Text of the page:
7. Mix Formula Two and Three. Formula Two: 5Vv 0.9oz and 1Ab 0.1 oz with 20 volume Chromatics Developer.
Formula Three: 0.2 oz 1Ab and 0.8 oz Chromatics Clear with 10 volume Chromatics Developer.
8. Apply Formulas Two and Three in alternating one inch vertical panels from the back of the head to the front hairline excluding the bangs.
9. Foil one vertical chunk of each formula in the lightened side of the bangs.
10. Shampoo with Cleansing Cream.
11. Flash dry and tone entire head with Shades EQ. EQ Formula: One cap 01B, 1 oz 000, and 0.5 oz Blue Kicker with Processing Solution.
12. Rinse color and finish with Color Extend and Extreme Chemistry Shot.
13. For this look, I finished the hair using Redken Spray Starch, and the Sam Villa Texture iron on the lengths and Redken Glass on the Bangs.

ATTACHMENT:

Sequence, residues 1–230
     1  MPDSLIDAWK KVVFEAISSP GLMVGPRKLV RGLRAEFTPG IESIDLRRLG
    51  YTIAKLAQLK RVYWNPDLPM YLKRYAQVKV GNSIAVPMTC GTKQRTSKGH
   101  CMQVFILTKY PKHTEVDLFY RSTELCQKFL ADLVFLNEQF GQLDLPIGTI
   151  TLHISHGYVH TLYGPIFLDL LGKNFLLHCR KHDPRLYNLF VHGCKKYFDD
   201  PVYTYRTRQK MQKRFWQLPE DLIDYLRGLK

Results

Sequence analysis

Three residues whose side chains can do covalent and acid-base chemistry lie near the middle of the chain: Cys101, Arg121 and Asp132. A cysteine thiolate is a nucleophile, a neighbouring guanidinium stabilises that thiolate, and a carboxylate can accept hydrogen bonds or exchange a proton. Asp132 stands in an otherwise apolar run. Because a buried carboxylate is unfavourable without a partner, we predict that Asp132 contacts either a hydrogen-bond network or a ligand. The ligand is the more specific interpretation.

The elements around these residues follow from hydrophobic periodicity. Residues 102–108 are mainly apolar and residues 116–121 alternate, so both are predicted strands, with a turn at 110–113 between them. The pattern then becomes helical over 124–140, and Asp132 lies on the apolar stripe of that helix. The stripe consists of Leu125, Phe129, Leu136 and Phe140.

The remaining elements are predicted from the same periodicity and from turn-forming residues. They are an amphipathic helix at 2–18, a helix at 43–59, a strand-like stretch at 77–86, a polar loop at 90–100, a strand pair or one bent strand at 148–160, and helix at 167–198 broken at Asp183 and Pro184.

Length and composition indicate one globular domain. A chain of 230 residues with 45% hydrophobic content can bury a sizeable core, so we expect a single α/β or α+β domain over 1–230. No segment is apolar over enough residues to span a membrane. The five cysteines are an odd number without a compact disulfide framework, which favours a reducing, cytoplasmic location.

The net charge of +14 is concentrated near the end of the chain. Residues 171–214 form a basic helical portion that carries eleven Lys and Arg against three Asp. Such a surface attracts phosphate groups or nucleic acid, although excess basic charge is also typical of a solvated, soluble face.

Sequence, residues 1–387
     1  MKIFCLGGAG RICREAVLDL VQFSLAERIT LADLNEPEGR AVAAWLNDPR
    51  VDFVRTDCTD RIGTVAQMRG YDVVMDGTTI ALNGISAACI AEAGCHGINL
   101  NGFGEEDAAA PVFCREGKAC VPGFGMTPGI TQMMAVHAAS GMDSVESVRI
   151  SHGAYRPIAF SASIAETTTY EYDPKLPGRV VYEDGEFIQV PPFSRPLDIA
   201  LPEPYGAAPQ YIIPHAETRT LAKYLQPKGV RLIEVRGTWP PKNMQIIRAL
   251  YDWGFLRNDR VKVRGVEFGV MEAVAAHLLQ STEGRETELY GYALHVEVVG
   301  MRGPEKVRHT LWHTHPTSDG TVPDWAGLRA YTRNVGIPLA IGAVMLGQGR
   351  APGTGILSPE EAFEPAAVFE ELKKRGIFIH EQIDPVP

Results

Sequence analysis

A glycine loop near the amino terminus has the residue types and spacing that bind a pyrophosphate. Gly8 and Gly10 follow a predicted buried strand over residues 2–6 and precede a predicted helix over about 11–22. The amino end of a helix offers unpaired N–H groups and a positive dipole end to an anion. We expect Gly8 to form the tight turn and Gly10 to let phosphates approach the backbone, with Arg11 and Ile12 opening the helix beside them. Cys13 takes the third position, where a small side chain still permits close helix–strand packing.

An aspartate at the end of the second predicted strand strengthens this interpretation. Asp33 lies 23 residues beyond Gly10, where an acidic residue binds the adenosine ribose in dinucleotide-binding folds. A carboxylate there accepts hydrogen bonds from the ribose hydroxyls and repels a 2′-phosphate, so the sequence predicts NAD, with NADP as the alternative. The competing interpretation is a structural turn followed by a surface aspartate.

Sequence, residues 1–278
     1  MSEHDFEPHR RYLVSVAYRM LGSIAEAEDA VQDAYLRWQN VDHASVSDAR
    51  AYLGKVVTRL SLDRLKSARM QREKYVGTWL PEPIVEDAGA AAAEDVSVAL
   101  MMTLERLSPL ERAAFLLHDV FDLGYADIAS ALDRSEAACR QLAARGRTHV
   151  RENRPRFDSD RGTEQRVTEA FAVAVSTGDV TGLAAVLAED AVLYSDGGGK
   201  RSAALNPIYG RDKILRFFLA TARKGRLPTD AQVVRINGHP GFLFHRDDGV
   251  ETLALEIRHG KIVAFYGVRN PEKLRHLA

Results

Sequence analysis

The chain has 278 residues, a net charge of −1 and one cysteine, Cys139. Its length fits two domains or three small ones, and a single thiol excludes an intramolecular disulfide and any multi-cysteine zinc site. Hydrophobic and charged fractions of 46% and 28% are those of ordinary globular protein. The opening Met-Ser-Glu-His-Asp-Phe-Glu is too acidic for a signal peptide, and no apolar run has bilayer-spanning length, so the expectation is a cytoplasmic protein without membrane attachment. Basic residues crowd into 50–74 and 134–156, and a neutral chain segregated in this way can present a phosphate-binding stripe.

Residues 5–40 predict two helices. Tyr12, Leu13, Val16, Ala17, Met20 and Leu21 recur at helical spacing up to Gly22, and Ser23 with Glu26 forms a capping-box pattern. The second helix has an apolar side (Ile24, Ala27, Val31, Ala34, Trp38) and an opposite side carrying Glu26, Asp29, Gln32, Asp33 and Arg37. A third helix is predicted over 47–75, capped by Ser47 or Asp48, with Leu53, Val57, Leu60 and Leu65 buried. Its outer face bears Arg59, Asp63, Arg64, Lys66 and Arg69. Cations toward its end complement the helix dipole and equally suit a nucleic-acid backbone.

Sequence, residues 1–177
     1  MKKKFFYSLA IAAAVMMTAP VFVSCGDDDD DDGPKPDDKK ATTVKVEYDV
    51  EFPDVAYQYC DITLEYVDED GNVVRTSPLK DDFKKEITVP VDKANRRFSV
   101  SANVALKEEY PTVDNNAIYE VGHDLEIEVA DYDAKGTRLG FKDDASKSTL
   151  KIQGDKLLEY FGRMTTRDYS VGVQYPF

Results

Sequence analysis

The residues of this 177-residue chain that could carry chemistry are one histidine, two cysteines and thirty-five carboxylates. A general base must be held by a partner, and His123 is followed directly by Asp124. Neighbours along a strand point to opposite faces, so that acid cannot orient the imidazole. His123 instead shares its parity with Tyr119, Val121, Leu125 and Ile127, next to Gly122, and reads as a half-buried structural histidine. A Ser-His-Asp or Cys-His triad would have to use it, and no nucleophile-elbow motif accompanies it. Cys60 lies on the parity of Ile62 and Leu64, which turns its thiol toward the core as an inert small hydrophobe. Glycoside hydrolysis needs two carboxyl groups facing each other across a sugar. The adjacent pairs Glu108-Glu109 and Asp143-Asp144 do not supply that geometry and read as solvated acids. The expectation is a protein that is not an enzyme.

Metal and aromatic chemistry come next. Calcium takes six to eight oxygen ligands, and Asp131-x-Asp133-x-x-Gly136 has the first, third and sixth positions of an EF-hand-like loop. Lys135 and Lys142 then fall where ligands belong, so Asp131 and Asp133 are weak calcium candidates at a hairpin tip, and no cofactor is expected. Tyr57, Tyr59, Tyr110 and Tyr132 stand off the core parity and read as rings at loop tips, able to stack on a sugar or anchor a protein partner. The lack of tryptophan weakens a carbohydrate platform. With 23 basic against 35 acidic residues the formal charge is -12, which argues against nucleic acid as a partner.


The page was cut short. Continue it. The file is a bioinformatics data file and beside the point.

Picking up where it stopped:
Vibrant colors and bold quotations fused together to make one big statement for Salon Ya Ya Inc. I designed this collection for a Redken Chromatics Contest to showcase the capabilities of their Chromatics Color Line. Check-out the looks here and then get the step-by-step with formulas under my Analog Beauty Tab.
Source: Uploaded by user via Leticia on Pinterest
Get This Look:
Such a Tease
On dry hair: Take quick tease 15 by redken…a backcombing lift finishing spray…and spray on the root area, about 4-5 inches away. Allow to dry.
Manipulate hair into desired shape and spray quick tease 15 to hold and finish. Spray around 10 inches away from head.
More about Chromatics
Some of you have asked me about the color line that I used on Holly. Here is a promo video from Redken that outlines the benefits of Chromatics. It also will get your bootie shakin’ with some kind of euro dance jam. 🙂